I just wanted to say thank you for that. You are so valued, more than I can say.

xox

Kristan 

Kristan Higgins

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Kristan Higgins is a New York Times bestselling author and two-time winner of the Romance Writers of America RITA Award. Her books have been called "perfect entertainment for a girl's night in" (Booklist), "hilarious and heartfelt" (Romance Junkies) and "the best I've ever read" (Kristan's husband).

Kristan is the mother of two lovely children, the wife of a firefighter and the owner of a very naughty dog. She loves to eat out, watch movies and of course, read.

Kristan's Website


Social Media


Latest Books

Know the word pentimento? I hereby declare it to be today’s Word of the Day.

The wiki definition of pentimento is “an alteration in a painting, evidenced by traces of previous work, showing that the artist has changed his or her mind as to the composition during the process of painting.” The first time I saw the word was as the title of a book: Lillian Hellman’s autobiographical essays, which my parents owned. I skimmed that copy, put it back on a shelf and forgot about it. We had more than enough to read: my parents’ house had nearly as many overstuffed shelves as a small used bookstore.

oldstreetBack to our Word of the Day.  I was in New York with my family when I pointed out a ghostly sewing machine painted on the side of a brick building. My brother—who is and was a know-it-all–announced that the nearly vanished painted ad is called a pentimento. I didn’t believe him because he often made pronouncements that weren’t true. And, hey, why would Lillian Hellman write about ancient advertisements on old brick buildings?

It’s true, he insisted and don’t call them pentimentos. The plural is pentimenti. (He was right about that.)

We’d noticed that form of art in New York—and some really are (or were) beautiful–when we visited our relatives and our dentist, who was also a relic of a bygone era. After that day, I began to spot the ghostly remnants everywhere in the city, ephemeral traces of hand-painted block letters and sometimes even pictures left from long-vanished products or businesses owned by long-dead people. I see those in other towns and cities too.

Even as a kid, I noticed that New York, unlike other cities I knew, held on to marks of its past but kind of carelessly. You’d walk past a few of those monstrous all-glass buildings, turn a corner and see some fancy brickwork on the sidewalk, or actual cobblestones, or a large flat stone that my brother told me passengers used to step onto a horse or into a horse-drawn carriage. (Yes, he was right about that, too. Sigh.) It might have been the neighborhoods we visited, but at least when I was a kid, no one particularly celebrated these leftovers from history. They just moldered along with everything else.

Most of the old wall paintings I noticed are gone–they’re not protected by the Landmarks Preservation Commission.  However the past is popular with New Yorkers these days. Now you can go on all sorts of tours where the guides know about the city’s history and point out the details of past lives lingering among the big newer buildings. I love those tours, but I also rather liked it when I felt as if we were the only ones to notice the scrollwork on some iron bars or the faint advertisement on the side of a building. It was a kind of ghost-hunting—and in fact the more common name for those traces of paint is “ghost signs.”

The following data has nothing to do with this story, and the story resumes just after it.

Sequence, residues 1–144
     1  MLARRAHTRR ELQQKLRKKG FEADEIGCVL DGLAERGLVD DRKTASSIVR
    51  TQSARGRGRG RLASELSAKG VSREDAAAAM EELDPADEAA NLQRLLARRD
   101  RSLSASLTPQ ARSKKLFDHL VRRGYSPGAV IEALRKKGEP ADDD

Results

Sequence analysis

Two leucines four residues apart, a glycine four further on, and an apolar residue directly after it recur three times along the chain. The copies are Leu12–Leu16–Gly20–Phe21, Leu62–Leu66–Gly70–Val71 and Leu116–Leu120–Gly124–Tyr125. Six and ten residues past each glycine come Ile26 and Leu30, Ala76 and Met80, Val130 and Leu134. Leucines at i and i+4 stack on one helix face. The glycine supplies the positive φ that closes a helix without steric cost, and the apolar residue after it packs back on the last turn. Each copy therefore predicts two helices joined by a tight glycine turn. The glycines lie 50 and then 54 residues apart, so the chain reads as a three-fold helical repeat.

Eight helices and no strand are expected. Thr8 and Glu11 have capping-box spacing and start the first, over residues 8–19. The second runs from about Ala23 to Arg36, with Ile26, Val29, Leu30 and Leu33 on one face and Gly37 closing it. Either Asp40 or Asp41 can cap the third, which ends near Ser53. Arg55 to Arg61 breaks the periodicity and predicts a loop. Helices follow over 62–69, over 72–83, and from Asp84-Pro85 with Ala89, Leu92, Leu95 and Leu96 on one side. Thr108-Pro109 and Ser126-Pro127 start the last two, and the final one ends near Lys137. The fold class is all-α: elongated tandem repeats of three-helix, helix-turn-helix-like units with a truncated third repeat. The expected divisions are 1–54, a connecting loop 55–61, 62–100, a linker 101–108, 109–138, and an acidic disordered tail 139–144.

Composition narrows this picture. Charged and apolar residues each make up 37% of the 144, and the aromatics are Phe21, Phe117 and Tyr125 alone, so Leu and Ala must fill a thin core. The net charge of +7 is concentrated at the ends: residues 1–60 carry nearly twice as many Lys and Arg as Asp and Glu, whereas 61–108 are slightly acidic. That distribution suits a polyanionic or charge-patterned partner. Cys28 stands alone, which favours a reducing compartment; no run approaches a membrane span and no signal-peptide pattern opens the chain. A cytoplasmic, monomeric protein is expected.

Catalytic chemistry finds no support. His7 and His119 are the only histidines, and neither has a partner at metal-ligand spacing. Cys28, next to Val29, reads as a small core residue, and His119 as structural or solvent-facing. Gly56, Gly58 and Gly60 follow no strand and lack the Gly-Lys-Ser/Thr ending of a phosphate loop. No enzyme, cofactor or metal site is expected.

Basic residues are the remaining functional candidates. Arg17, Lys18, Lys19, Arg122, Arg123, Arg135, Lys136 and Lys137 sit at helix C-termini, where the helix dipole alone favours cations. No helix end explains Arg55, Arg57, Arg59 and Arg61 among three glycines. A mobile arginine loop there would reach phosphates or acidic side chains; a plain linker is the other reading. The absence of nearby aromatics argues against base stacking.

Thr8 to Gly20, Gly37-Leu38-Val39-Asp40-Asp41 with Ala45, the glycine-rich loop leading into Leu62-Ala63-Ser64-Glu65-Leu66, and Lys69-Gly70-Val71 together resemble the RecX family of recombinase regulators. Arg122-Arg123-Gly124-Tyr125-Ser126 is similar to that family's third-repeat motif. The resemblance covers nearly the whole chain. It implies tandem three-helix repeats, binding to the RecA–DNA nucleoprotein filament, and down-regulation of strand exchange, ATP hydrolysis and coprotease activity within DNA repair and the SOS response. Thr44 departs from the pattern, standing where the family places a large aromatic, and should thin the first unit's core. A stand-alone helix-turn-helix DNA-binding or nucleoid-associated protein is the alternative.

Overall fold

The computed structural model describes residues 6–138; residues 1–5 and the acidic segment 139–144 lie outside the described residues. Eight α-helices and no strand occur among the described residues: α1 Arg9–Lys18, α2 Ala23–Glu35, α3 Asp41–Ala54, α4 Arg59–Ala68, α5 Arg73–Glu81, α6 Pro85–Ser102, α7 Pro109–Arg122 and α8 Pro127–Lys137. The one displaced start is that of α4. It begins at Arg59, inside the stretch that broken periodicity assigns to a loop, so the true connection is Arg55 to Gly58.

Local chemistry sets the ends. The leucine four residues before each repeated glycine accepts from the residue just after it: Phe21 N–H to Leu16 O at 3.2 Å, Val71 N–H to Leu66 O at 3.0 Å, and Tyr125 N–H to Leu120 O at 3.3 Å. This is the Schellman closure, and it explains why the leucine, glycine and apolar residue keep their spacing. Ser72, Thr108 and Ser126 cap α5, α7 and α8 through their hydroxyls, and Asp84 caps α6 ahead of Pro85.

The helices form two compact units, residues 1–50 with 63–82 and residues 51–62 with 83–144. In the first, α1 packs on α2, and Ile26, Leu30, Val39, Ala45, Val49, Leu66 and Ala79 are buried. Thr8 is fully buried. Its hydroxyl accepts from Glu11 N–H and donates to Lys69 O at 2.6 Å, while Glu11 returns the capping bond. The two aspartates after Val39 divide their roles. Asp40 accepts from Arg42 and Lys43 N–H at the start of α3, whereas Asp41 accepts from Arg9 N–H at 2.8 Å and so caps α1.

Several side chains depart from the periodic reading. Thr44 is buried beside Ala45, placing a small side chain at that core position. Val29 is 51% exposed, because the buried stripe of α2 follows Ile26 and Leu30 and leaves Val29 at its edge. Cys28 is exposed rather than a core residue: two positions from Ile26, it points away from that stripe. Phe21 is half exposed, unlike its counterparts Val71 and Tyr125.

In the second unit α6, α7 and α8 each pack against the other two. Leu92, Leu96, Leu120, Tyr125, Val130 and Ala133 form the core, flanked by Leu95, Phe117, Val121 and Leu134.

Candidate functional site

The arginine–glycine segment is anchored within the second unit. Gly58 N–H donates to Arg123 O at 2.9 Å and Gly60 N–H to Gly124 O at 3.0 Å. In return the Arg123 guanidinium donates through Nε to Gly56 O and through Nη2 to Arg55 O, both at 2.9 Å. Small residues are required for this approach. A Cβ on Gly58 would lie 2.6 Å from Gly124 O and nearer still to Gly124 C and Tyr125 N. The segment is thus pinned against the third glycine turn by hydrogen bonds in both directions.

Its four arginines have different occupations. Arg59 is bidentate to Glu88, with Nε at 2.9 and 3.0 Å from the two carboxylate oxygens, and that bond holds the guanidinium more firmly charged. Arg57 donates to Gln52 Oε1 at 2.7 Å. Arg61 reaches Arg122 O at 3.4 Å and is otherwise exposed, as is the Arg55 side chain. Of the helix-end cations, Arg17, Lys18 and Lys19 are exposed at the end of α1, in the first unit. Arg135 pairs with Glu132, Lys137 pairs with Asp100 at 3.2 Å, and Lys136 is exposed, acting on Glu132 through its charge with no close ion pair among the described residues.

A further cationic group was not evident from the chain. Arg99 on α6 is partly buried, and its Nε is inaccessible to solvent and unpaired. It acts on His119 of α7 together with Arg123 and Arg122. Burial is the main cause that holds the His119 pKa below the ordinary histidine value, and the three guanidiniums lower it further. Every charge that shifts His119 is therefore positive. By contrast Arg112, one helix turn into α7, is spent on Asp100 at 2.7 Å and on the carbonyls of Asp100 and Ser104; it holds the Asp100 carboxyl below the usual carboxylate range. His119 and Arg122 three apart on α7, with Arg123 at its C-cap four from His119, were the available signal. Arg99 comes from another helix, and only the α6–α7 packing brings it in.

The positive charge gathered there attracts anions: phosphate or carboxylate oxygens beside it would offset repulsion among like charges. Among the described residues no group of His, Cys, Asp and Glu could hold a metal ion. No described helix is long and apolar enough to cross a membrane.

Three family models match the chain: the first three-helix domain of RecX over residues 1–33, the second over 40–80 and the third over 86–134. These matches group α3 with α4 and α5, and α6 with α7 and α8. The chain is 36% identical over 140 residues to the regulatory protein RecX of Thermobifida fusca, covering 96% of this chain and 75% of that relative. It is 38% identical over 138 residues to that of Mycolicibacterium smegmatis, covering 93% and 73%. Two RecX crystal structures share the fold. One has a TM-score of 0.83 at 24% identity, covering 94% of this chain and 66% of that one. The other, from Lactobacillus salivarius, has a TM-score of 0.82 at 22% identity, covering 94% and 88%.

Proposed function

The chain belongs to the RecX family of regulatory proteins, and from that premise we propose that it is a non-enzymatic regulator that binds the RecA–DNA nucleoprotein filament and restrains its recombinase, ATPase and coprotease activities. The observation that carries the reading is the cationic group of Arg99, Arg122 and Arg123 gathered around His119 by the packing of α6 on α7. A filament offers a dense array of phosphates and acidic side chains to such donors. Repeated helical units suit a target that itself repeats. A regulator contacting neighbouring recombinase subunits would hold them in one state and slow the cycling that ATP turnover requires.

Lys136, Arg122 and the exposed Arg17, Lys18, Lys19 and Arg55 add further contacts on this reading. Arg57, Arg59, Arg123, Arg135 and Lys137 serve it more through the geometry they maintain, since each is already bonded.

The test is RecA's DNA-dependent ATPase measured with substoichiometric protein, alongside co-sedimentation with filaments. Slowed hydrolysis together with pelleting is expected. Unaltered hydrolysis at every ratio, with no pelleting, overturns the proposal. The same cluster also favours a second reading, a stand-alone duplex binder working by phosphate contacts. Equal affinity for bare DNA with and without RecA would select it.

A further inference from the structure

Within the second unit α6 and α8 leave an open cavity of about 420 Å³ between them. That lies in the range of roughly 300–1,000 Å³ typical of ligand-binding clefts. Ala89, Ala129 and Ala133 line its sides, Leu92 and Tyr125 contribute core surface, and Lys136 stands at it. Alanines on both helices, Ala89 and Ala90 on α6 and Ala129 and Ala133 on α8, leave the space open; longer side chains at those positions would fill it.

Still, I prefer the name pentimento for them. That makes it seem as if New York itself is the artist, not quite erasing the past as it keeps piling on more layers, covering up the old ones except in special spots where the shape of its history is faintly visible.

If you want to see an example of a New York ghost sign, here’s a very old one in Times Square, uncovered, and then covered again, in 1998. http://www.frankjump.com/press/nypost001.pd and how about a great pinterest board with even more examples? https://www.pinterest.com/glasron/old-painted-building-signs/

When you travel to new places, do you notice unmarked bits of the past? Or is it easier to spot the evidence of history in your own hometown?

***

Today is the release day of The Detective’s Dilemma—set in the 1880s, when New York’s buildings were covered with hand painted signs! And how’s that for a tie-in?

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Thedetectivesdilemma240x360The Detective’s Dilemma

 Kidnapped by his own target, this crooked cop is having one bad day.

Detective Caleb Walker is foiled by his own industriousness. Determined to capture a criminal, he plants evidence—and is discovered by his higher-ups. Now blackmailed into acting as the strong-arm for a corrupt politician, he visits a poor widow he must convince to surrender her son. Yet something about her stirs his memory, and long-submerged desires. When she pulls a gun on him and demands he switch sides, he’s stunned, annoyed…and intrigued.

No one will take her son from Julianna. Least of all her sinister ex-father-in-law whose abuse damaged her late husband. With the handsome detective smirking in her sights, Julianna must convince him to help her keep her baby safe from the very people holding Caleb in their powerful grip. In a desperate bid, she kidnaps the cynical Caleb—and struggles to ignore the heat sparking between them.

As they pursue answers, secrets are uncovered—including Julianna’s and Caleb’s. Two imperfect hearts together may be enough to win the day. If their enemies don’t destroy them first.

A gaslight historical set in New York City.

“With colorful images, engaging characters and a fine eye for detail, Rothwell recreates the era beautifully.”-RT Bookclub (for Somebody Wonderful)

I’d love to do a give-away of my new book – The Detective’s Dilemma, or any of my New York set historicals! Comment below and win an ebook. Most are available through Amazon, Barnes and Noble and All Romance Ebooks, a few are Amazon Select only.

My other titles that have at least a scene or two in New York City:
Somebody Wonderful
Somebody to Love
Someone to Cherish
The Earl, the Girl, and the Promise
Powder of Sin
Love Between the Lines 

Kate also writes as Summer Devon. Most of those stories are hotter than Kate Rothwell titles and many are m/m historicals written with Bonnie Dee.

You can find her at:
https://www.facebook.com/S.DevonAuthor

http://katerothwell.com

http://summerdevon.com

 

A link today’s release, The Detective’s Dilemma. http://amzn.com/B010Y0MGO8emma  the title is currently only available on Amazon in Kindle format. 

 

Line for tweeting: Kate Rothwell has a new book out today! Celebrate her new release and her Word of the Day.

Label for the picture of New York:  from NYC Municipal Archives. http://nycma.lunaimaging.com/luna/servlet/ A picture of Delancey Street shot more than one hundred years ago. Notice the Omega Oil sign? What’s old is new again!